Over the 15 years that we have owned and operated our Blackbird Caye Field Station in Turneffe Atoll, Belize we have seen the volume of plastic pollution along our beachfront grow dramatically. Given that we are in a fairly remote location (30 miles offshore) it is particularly disturbing to see just how much trash is floating around in our oceans no matter how far “away” we think we are.
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Last week I visited the field station as part of a group effort to study the extent of plastic pollution in Turneffe Atoll and to create artwork that will draw public attention to the problem and promote solutions. Along with our Belize program staff, I was joined by Oceanic Society artist-in-residenceand plastic interpreter, Pam Longobardi, and Emory University graduate student and Belizean American, Paulita Bennett-Martin. Together, Pam and Paulita have started a program called Plastic Free Belize that is modeled in part on a Plastic Free Island campaign that Pam has worked on for the last 5 years in Greece. We were also joined in the field by a group of 16 high school students with National Geographic Student Travel.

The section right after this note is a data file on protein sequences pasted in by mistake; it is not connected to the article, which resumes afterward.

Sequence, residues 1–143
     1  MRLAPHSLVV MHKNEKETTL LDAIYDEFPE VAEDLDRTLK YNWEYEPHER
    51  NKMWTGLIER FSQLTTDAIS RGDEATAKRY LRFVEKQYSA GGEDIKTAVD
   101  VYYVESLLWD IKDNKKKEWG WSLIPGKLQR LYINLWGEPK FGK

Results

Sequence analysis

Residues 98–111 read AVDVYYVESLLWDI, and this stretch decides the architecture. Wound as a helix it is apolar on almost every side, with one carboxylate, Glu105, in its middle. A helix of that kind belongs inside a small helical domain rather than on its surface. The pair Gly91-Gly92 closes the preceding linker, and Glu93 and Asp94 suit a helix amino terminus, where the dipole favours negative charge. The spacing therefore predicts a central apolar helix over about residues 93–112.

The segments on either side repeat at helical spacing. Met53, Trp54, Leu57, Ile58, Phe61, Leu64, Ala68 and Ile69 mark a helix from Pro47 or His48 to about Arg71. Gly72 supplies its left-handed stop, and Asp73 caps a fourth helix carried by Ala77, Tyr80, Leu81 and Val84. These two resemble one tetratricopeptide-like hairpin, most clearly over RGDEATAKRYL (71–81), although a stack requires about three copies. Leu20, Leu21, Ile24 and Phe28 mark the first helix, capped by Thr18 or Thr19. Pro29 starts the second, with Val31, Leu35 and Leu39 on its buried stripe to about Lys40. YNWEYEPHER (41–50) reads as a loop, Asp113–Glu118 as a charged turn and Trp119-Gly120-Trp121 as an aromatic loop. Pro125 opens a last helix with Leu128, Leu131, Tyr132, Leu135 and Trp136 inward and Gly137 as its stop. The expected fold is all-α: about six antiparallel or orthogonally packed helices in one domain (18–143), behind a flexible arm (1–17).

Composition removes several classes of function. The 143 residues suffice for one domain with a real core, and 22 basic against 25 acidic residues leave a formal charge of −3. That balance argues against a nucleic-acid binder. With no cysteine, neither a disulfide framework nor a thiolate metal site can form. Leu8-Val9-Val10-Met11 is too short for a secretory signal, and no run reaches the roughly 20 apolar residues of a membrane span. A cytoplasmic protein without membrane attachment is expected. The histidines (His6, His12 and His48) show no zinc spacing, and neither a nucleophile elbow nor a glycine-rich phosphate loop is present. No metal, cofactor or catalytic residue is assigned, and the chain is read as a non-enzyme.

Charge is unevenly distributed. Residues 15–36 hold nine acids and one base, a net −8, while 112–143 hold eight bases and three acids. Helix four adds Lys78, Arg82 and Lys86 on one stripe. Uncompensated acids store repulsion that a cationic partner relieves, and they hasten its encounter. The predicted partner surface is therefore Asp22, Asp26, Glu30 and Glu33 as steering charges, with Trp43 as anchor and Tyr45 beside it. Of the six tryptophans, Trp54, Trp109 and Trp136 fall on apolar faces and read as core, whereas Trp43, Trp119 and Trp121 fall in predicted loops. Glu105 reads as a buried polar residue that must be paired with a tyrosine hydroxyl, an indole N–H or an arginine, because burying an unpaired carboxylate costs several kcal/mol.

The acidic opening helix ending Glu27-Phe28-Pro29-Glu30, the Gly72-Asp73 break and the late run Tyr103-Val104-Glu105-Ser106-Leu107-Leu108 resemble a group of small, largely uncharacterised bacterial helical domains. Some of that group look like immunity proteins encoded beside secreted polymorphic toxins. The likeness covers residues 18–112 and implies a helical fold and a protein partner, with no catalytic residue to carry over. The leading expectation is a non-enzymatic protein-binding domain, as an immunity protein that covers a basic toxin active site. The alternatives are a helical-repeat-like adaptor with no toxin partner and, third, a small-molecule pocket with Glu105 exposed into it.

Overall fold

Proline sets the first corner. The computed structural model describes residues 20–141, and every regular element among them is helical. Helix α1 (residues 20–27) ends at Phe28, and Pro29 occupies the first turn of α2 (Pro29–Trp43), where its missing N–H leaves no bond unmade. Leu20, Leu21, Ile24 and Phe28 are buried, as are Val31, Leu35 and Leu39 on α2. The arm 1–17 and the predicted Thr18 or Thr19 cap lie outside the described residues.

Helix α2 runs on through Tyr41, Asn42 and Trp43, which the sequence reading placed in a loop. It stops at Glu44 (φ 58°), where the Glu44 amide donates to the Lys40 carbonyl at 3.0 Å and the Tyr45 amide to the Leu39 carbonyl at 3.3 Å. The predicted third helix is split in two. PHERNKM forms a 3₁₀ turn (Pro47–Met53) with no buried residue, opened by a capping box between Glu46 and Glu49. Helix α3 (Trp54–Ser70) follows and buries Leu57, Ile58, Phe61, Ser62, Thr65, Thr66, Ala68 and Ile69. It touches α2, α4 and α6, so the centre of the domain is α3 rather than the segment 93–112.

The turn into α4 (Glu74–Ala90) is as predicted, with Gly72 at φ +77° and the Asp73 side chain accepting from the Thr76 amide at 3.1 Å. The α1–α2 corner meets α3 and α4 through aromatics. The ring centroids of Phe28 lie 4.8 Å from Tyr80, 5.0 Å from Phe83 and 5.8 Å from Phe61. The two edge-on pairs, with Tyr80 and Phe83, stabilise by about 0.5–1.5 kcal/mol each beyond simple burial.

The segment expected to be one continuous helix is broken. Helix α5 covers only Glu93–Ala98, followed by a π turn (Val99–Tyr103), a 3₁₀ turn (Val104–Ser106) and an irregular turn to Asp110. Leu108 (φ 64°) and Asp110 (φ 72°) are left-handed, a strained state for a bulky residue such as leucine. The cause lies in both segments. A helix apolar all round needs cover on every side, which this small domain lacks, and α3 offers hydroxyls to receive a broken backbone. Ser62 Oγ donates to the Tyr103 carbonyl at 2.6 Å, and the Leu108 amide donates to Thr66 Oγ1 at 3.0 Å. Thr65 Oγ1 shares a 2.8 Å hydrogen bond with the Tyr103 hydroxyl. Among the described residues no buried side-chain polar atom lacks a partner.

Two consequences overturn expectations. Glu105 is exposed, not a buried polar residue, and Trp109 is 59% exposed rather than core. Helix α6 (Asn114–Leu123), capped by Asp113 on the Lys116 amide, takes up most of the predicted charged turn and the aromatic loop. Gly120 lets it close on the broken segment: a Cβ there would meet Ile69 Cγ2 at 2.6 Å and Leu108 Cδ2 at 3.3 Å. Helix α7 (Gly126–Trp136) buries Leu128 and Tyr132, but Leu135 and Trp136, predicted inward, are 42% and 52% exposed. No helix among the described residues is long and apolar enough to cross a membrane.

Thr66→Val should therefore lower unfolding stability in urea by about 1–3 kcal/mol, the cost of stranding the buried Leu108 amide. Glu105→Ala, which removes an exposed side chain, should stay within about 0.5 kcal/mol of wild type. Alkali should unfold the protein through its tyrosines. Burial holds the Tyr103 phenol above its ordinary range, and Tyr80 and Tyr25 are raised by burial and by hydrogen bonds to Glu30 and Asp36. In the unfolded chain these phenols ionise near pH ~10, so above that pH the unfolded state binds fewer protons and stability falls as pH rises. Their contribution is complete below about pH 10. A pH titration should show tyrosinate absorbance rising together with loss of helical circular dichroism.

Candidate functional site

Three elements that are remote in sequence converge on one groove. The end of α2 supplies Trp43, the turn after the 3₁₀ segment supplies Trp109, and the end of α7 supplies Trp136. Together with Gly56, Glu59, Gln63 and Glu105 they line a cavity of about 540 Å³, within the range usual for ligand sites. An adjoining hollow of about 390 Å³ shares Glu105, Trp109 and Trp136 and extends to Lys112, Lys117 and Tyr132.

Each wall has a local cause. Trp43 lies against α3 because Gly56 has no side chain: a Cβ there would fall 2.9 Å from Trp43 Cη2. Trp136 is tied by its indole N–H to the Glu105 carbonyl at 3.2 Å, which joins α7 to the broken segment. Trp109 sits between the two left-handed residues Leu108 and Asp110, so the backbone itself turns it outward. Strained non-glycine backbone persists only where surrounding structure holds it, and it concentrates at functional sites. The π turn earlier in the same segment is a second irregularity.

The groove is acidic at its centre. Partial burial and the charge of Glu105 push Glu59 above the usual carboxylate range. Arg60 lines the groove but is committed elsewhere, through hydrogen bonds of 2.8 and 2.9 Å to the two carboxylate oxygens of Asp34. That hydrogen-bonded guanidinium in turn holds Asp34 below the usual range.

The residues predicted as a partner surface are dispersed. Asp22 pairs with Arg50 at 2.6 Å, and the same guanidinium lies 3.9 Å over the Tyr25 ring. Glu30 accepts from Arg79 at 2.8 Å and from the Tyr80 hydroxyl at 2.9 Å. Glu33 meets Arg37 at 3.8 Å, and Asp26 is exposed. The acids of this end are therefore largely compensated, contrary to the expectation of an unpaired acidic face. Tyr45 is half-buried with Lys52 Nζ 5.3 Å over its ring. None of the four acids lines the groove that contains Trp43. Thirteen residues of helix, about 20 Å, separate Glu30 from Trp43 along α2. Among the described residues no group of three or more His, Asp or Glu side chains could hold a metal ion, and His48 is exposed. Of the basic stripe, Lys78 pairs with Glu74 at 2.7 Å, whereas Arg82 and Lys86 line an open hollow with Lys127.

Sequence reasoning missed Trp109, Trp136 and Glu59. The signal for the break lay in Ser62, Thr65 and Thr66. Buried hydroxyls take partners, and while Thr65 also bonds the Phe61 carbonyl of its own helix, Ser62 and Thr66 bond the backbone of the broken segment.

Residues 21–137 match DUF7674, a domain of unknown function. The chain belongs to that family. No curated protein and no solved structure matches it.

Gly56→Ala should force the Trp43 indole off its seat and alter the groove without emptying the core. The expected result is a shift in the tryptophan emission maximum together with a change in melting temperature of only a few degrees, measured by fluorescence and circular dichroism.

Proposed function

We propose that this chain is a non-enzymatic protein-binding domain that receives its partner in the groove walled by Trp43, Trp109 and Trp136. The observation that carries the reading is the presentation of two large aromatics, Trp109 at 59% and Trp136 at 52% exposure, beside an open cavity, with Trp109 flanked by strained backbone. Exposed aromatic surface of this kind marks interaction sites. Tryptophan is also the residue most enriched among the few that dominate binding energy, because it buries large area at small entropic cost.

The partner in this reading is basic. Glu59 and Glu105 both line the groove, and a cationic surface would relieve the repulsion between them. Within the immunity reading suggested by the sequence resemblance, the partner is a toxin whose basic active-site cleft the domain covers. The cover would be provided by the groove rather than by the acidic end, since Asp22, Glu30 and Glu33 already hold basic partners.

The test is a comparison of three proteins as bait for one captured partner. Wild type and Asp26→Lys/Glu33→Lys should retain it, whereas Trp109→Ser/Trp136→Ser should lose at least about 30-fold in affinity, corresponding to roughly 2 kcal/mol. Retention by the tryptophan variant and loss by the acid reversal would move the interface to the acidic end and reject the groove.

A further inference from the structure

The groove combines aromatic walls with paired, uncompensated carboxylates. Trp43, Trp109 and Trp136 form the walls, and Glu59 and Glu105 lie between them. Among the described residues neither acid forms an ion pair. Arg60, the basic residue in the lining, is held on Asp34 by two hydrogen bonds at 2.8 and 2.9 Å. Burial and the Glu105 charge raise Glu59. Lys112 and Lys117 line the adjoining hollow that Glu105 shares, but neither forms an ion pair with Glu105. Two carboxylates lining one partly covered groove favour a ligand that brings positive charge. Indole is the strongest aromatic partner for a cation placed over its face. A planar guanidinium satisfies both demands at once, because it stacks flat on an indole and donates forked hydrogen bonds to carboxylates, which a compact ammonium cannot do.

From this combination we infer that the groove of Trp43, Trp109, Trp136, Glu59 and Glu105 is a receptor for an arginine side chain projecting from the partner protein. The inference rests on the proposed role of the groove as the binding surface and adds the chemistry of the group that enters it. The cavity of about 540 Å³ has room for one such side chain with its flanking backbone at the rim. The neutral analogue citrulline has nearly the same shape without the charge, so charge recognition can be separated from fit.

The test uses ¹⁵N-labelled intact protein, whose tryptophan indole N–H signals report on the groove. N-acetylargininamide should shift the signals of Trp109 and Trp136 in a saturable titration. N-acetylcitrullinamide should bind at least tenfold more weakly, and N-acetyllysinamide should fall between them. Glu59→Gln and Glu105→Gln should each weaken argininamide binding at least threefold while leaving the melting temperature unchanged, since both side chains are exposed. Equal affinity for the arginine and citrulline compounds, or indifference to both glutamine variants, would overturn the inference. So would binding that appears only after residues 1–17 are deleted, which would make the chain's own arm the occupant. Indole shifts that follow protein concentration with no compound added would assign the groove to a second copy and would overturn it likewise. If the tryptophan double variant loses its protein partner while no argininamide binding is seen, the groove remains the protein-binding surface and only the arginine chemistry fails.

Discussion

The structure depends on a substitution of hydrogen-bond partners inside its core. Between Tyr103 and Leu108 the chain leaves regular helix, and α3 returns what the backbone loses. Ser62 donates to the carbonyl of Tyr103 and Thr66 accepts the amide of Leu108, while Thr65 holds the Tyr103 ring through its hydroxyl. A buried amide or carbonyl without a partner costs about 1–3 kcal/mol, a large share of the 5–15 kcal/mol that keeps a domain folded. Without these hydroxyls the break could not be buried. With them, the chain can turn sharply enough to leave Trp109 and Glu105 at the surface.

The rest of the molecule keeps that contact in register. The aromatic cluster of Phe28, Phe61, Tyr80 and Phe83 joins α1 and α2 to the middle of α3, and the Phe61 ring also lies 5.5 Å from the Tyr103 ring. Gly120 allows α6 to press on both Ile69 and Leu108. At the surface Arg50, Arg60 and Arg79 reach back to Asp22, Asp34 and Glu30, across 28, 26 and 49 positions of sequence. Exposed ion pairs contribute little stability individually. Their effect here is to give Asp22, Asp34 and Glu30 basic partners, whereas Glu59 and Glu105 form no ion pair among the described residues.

Students collect micro-plastic from within a transect to count.
Together we carried out transect surveys of plastic pieces found on the beach at the field station (for Paulita’s graduate research) and created art pieces (with Pam’s guidance) from the plastic that we encountered. This culminated in the creation of a large-scale art installation that was, sadly, so big it had to be photographed by a drone. The work will be used to create public awareness in Belize and the U.S. about the problem of plastics in our oceans and hopefully to lead towards the behavior changes that are needed to start addressing this problem.
These efforts complement a broader initiative at Oceanic Society—the Blue Habits program—that aims to go beyond simply ‘raising awareness’ about ocean issues, to directly motivate and sustain changes in human behavior that lead to healthier oceans.
If you would like to support these programs, please visit our campaign on Indiegogo and help spread the word. We’re aiming to raise $10,000 to support our summer research and education programs in Turneffe Atoll.
“Caged and cornered by plastic,” artwork created using plastic debris collected on the beach.
Wayne Sentman is our director of conservation travel programs and an Oceanic Society naturalist since 1998. He is an experienced guide with a diverse background in marine mammal, seabird, and marine debris research. Wayne also co-teaches undergraduate field programs in Kenya on human-wildlife conflict and on the use of social media and art to raise public participation in conservation. He recently received a Master’s in Environmental Management from Harvard University.